Monday, June 20, 2016

Galatians 5:1;13-25

Summary:  Freedom means something different for Paul than for modern Americans.  For modern Americans freedom means license to live as we please.  In Paul's eyes freedom is not about the individual, but living as the new creation in community.  I think it is greatly worth preaching on this topic -- what does freedom actually mean?  Freedom allows us to reject -- even crucify -- the flesh and embrace service together in the community.   At the bottom of the post I offer some more suggestions on preaching.

ενεχεσθε ("hold in", from ενεχω, 5:1) This little verse is a good example of how context helps us translate.   Paul here commends us not to "be subject/be burdened" (ενεχω) to the yoke of slavery. This word, ενεχω (enecho), is tough to translate.  Literally it means "hold in."  It has the connotation of "cherish inward wrath at one," or perhaps "be seized" with something, as in get caught up in a situation.   Elsewhere in the NT (Mark 6:19; Luke 11:53) it means hold a grudge or be bitterly opposed to.   If one inserts this translation, one gets this meaning: "Christ set you free; don't be opposed to the yoke of slavery!" That doesn't sound right!

So...let's look at the whole context.  Galatians as a whole and specifically chapter 5 suggest the yoke of slavery is not the burden of following Jesus but the burden of (antiquated) laws and works-righteousness.   Thus, we need a different translation; ultimately we will take on the burden of slavery to Christ.  To capture this, a best sense is probably "caught up in"  as in, "don't get caught up in the law again."  I think the NIV does the best job with this translation (be burdened).

αφορμη(ν) ("opportunity," 5:13) A little bit more word play.  Paul tells us here not to "indulge the flesh" (NIV). Paul literally writes: Not freedom for αφορμη in/to the flesh, but through love serve/slave one another. The word αφορμη is pretty interesting and alone would make for a good sermon in a few ways. The word comes from apo (from) + horme (ορμη with rough breathing accent).  "horme" comes into English as "hormone," meaning "stir" or "impulse."   An apohorme then is a base from which the impulse comes.  Moreover, the word can also mean the capital of a banker. So you have three metaphors for how our freedom can be abused: we follow the hormones of our flesh; we use our freedom as a base of operations for the flesh or it becomes the capital on which we draw to sin...Grace becomes the bank that we rob...

λογος ("word," 5:14) Paul curiously phrases this verse: "The law can be fulfilled in one command, love one another as yourself." First off, he does not use the word command; he uses the word "logos."  I am speculating here, but I wonder if Paul almost wants to elevate this above the idea of commandments, if not the law itself. (Paul uses similar language in Romans 13:9). It as if Paul is saying -- loving your neighbor belongs to the eternal Word; the other stuff we have are laws and words.  In fact, the command, "Love you neighbor as yourself" is not really a command, but in fact, an indicative statement: "You will love your neighbor as yourself." While Greek can use the future indicative for a command, I find this fascinating that the most essential command is, in fact, not a command.   We cannot be told to love our neighbors.  This is not a possibility for obedience.  We can obey simply tasks, but love of our neighbor is a divine gift, a fruit of the Spirit.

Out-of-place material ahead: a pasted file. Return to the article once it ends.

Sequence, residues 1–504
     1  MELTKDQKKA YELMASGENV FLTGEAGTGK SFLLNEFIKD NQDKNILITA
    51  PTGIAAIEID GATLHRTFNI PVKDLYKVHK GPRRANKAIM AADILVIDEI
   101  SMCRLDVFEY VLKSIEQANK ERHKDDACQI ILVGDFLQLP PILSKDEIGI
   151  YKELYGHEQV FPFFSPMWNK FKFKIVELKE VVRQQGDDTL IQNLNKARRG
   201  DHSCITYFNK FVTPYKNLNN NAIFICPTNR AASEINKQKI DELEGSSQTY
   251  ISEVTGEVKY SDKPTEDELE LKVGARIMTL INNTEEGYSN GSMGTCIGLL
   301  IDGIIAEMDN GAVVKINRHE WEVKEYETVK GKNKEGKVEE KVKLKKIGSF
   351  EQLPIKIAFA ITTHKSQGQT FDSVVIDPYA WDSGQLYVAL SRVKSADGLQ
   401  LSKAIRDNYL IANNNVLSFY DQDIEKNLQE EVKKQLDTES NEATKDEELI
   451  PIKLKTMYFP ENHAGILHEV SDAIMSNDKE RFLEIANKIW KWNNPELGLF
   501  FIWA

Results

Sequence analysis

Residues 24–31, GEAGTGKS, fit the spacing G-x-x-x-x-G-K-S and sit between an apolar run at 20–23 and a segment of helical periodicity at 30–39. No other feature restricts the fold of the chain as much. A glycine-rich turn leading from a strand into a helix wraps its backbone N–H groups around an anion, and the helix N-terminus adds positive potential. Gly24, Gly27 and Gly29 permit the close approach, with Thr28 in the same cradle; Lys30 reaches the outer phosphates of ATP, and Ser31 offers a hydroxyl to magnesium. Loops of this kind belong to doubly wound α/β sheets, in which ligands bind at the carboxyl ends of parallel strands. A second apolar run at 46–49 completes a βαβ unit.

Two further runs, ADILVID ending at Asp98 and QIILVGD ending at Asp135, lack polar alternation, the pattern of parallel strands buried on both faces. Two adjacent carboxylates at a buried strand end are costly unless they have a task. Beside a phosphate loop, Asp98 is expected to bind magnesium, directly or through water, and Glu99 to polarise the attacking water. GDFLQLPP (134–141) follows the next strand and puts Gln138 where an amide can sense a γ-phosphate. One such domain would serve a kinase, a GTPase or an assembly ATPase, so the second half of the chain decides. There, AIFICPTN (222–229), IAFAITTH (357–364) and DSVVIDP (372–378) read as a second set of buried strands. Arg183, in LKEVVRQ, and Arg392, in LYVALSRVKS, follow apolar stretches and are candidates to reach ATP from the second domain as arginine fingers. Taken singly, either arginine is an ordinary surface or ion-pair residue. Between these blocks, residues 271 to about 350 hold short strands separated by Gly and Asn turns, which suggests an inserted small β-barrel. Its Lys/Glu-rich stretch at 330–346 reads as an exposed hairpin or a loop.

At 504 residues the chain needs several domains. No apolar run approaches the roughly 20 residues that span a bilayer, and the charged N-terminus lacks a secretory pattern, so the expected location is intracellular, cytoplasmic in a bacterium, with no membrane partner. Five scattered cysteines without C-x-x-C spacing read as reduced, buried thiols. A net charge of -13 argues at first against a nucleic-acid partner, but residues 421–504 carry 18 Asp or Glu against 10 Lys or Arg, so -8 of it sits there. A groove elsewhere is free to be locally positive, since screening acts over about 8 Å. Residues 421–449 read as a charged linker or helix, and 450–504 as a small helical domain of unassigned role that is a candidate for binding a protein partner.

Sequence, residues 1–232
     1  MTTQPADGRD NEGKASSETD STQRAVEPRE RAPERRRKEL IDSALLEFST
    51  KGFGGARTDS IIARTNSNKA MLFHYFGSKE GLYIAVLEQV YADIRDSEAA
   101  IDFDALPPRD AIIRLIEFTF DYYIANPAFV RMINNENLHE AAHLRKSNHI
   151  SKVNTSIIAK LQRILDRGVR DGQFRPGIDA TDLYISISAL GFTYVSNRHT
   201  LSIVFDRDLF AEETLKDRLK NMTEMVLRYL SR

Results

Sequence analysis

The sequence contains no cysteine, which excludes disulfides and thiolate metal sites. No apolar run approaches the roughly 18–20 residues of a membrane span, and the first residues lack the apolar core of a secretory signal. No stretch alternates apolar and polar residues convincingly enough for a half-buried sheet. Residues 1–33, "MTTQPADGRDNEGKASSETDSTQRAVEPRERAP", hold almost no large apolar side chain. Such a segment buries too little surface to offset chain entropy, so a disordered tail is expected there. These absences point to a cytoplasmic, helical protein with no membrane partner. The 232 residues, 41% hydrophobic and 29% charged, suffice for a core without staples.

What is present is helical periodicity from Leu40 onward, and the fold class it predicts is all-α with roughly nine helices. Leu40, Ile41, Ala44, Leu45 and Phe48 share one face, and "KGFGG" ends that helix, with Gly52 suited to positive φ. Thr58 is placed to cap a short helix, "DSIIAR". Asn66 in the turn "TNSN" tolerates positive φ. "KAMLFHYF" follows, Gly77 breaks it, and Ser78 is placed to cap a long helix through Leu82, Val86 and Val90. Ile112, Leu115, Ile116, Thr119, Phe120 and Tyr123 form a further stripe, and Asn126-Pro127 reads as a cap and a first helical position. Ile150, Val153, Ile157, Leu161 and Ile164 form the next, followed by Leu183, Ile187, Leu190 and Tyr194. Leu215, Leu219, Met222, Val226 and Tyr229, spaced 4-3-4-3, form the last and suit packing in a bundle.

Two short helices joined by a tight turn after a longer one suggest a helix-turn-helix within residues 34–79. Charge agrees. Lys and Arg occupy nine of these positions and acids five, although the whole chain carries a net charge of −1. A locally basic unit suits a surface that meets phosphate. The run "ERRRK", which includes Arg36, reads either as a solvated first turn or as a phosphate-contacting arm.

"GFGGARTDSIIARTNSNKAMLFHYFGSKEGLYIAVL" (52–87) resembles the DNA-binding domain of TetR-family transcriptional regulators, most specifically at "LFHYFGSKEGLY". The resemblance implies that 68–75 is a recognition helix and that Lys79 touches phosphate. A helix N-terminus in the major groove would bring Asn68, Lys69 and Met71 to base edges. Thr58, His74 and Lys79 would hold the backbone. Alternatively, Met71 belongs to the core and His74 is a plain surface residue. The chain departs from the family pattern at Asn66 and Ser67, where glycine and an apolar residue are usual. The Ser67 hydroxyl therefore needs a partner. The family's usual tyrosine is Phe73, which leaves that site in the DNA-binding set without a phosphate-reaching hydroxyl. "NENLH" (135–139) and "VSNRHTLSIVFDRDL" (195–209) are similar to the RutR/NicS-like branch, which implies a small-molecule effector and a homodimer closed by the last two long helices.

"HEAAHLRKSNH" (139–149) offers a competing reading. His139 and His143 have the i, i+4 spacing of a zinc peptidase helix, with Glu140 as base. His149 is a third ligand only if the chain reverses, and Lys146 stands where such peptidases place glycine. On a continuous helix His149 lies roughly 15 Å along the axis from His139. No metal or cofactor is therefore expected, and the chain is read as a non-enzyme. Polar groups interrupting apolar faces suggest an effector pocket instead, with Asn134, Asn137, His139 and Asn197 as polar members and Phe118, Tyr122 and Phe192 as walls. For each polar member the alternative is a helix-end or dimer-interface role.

πεπληρωται ("fulfill", from πληρoω, 5:14)  Summed up is not a strong enough translation for this verse.  It means more brought to fullness or completion.  I think the translation: "The law is completed in one word, in this: Love your neighbor as yourself"

εσταυρωσαν (form of "σταυρoω", 5:24)   It is striking here that Paul says that Christians are actually doing the crucifying of the flesh. Normally these sorts of activities are done by God or left in the passive; here the verb is in the active.   First off, only those who are are of Christ can do this (vs 24) and the Spirit is guiding us (vs 25).  Clearly Paul puts this in terms of the trinity, but Paul does not let our own activity off the hook...

στοιχημεν ("walk", 5:25)   The word for walk here is "stoicheoo."  This word has a rather interesting meaning and related sets of words, but basically, it comes from the word for rows. The idea here is that to "walk" in the spirit here would mean to "assemble orderly ranks for walking."  In short, to walk in the Spirit is probably not as free as we think it is today.  It is certainly not as independent as we'd have it either.

Some reflections on preaching:  How do we convince people that freedom in Christ is true freedom, greater than their political, sexual and economic freedoms they find in our culture today?  Perhaps one way to show this is how our "freedoms" turn out not to be as freeing as we thought!

I also think the challenge with the word love is that people here love against a background of autonomy; I do not think any Biblical writer could possible imagine the extent to which people in our preaching audience view themselves as independent moral agents.  In short, I think the ancients viewed the moral task of life as taking one's place in the "circle of life", finding one's place within the complex matrix of human and divine relationships that exist.  I think modern Americans view the moral task as "finding oneself" and then maybe, just maybe, inserting oneself back into this moral matrix, but likely on one's own terms!  Sin was something that jeopardized one's place in this moral matrix; today sin is likely a failure to "let it go" and "be yourself."  Even if this is sounding like a rant...any discussion about Paul's notions of freedom (and love) must be restored to a far more communal way of approaching life than the individual notions we have today.

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